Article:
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Bay Area cities take microtransit for a spin

Two Bay Area communities share their experience launching on-demand transportation services in public-private partnerships.

Via Transportation •

The dominance of the private car can’t be overstated: 85% of Americans use one and 90% of them do so alone. The consequences are familiar: congestion, overloaded infrastructure, and higher emissions. These issues are front and center in the Bay Area, where transit authorities are working to address them with the region’s characteristic ingenuity. One strategy many are considering is microtransit — also referred to on-demand public transportation or demand-responsive transit. To this end, Via organized an event with the Bay Area Council to give our local partners an opportunity to share their experiences with microtransit.

Cutting down on cars in Cupertino

Not long ago, Chris Corrao, Senior Transportation Planner for the City of Cupertino, had to face a hard reality. His city, a suburb located west of San Jose in Silicon Valley, had the highest drive-alone rate in the county. “That’s not a stat you want,” Corrao said. “Initially, we thought about adding a fixed-route shuttle, but community surveys told us that wouldn’t work. Residents said they wanted fast, efficient service to other transit options, as well as something their kids could use to get to and from school. The routes we looked at were an hour and 20 minutes, which is not going to get anyone out of their car. We realized an on-demand shuttle would be the best option.”

Cupertino launched its service using Via’s turnkey solution, or transport as a service (TaaS), which combines the software with the operational side, including drivers and vehicles. The service connects the city to the region’s rapidly growing transit network, including Caltrain. “Via has a really nice package with Mercedes Metris vans and their algorithm, or the ‘secret sauce,’” Corrao said. “For a city like ours, which is not in the business of providing public transit, a turnkey system is very appealing. Long-term, our goal is to get residents and visitors accustomed to a transit lifestyle while still advocating for hard infrastructure.”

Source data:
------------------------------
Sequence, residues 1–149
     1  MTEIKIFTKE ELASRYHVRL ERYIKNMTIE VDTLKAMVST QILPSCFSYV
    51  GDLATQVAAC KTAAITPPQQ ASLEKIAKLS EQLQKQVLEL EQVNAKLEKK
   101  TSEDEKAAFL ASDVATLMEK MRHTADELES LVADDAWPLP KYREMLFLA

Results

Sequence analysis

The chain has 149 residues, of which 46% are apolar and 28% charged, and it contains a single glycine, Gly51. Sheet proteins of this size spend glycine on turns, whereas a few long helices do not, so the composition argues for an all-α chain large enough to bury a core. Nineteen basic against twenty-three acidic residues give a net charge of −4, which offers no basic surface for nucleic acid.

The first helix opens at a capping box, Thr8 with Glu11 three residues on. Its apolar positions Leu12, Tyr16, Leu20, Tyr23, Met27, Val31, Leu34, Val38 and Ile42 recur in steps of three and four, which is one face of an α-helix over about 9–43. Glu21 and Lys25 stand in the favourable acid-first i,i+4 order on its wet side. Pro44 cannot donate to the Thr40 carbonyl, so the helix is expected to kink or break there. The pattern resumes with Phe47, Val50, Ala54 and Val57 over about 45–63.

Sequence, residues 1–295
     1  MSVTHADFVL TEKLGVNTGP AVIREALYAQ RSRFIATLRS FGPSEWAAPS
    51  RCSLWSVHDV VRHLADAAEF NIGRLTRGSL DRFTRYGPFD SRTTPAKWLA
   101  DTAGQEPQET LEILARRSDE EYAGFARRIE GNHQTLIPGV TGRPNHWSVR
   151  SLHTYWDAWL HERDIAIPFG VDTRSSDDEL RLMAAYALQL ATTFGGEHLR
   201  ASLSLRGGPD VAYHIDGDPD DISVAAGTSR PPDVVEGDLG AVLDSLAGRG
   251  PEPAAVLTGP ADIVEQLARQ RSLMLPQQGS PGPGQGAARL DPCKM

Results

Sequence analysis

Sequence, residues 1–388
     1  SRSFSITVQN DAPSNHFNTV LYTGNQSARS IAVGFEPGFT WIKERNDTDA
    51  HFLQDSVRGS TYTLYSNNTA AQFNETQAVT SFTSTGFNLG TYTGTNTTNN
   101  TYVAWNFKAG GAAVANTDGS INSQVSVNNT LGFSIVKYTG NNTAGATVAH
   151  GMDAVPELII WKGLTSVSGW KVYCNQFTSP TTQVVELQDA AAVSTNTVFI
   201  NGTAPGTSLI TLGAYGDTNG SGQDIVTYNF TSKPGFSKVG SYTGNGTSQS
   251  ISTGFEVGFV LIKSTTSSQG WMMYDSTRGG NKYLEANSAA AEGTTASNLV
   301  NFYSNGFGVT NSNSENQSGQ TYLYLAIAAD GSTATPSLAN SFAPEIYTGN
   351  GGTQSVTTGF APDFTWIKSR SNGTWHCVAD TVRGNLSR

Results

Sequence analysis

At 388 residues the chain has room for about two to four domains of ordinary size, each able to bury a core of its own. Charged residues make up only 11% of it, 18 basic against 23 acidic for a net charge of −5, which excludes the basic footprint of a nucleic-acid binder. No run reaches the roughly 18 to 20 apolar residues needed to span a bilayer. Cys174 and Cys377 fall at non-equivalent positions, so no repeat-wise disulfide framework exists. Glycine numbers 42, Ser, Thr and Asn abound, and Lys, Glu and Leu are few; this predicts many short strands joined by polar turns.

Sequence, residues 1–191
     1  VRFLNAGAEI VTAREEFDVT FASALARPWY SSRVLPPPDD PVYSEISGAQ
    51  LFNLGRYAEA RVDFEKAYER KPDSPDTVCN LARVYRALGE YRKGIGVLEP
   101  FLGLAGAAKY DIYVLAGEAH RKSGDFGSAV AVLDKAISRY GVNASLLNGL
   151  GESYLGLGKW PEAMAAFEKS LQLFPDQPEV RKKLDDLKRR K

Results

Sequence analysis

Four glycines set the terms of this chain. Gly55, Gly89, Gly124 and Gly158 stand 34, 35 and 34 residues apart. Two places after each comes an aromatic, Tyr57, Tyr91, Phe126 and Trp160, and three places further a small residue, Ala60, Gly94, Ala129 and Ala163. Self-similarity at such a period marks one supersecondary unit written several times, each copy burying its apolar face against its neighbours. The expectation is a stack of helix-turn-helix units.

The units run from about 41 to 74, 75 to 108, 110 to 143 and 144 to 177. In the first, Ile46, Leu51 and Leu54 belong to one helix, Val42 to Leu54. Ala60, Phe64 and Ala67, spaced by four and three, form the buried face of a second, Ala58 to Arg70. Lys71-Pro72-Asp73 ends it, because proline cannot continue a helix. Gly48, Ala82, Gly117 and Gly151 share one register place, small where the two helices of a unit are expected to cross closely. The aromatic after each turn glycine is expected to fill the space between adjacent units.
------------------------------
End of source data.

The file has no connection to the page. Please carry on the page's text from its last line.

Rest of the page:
Improving accessibility in Marin

Nancy Whelan, General Manager of Marin Transit, was focused on a much narrower issue. She had identified a large population of paratransit users who needed better service in San Rafael, a community of 58,000 in the North Bay. “We wanted to give riders same-day service instead of having them call a day ahead,” she said. “We also wanted to address the commuter market and use the first/last mile to reach people who might not otherwise take the SMART train or express bus.” Given the population, accessible vehicles were mandatory. But TNCs like Uber and Lyft could not provide them. This led Whelan to Via and an 18-month pilot that has generated so much data it “makes my head explode,” she said. “We learned that 7% of people using the service had never used Marin Transit before,” she said. “That resonated with our board because getting new riders is so hard to do. I like to say this is the ‘most pilot-y pilot’ we’ve ever done, because we had no idea what we were going to learn—but we’ve learned an amazing amount.”

What is clear from these stories is that every community has unique transit needs. This is exactly why microtransit can be so effective. Its flexibility allows it to live and grow within a wide variety of transportation ecosystems.